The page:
10 Songs, 33 Minutes

EDITORS’ NOTES

By assembling as many ramshackle parts together as possible, “Jealousy” becomes a highlight of an album filled with them. The synths are sparse, the rhythms are basic, the vocal a fragile falsetto, and a harmonica interjects weakly into the mix, all creating a magical playground. It’s a blueprint for how much of Physiques’ unusual power comes together. Even the sturdier-sounding “Hot Fruit” consists of instrumentation that could blow over in a mild windstorm. On their second album, however, the band are about energy and enthusiasm and an eclectic love of pop music that sticks joyous backing vocals in the weirdest places and melodies that sometimes sound like a game of cat and mouse. Produced by Deerhoof’s Greg Saunier, Physiques began as incomplete sketches that were developed through improvisation, revision, and magic, expressing frontman Steven Reker’s love for avant-garde and pop art. Clearly, Jen Goma’s vocals further add to the tonal palette and the sense of wild abandon and wonder. Bandmates James Rickman and Booker Stardrum and a variety of guests (including former band member Ian Chang on drums) fill out the ranks.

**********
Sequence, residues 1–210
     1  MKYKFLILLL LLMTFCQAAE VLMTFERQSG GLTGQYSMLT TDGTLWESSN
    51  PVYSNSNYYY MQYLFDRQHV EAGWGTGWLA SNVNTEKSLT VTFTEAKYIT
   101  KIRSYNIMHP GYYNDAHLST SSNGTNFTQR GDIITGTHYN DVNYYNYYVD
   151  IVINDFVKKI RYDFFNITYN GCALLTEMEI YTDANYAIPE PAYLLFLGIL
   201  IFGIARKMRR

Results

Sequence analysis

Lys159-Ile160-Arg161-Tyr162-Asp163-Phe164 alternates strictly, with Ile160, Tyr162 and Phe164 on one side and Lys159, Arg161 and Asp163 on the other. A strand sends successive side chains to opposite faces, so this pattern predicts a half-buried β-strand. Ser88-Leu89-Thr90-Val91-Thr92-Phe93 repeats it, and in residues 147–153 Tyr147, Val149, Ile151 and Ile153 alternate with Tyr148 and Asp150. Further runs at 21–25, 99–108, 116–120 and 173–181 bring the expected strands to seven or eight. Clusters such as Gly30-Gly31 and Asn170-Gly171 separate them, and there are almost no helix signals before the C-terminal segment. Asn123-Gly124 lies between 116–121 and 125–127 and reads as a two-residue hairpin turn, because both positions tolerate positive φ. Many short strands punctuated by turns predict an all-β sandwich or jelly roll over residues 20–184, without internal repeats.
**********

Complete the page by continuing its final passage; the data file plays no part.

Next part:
EDITORS’ NOTES

By assembling as many ramshackle parts together as possible, “Jealousy” becomes a highlight of an album filled with them. The synths are sparse, the rhythms are basic, the vocal a fragile falsetto, and a harmonica interjects weakly into the mix, all creating a magical playground. It’s a blueprint for how much of Physiques’ unusual power comes together. Even the sturdier-sounding “Hot Fruit” consists of instrumentation that could blow over in a mild windstorm. On their second album, however, the band are about energy and enthusiasm and an eclectic love of pop music that sticks joyous backing vocals in the weirdest places and melodies that sometimes sound like a game of cat and mouse. Produced by Deerhoof’s Greg Saunier, Physiques began as incomplete sketches that were developed through improvisation, revision, and magic, expressing frontman Steven Reker’s love for avant-garde and pop art. Clearly, Jen Goma’s vocals further add to the tonal palette and the sense of wild abandon and wonder. Bandmates James Rickman and Booker Stardrum and a variety of guests (including former band member Ian Chang on drums) fill out the ranks.

TITLE TIME

More By People Get Ready

You May Also Like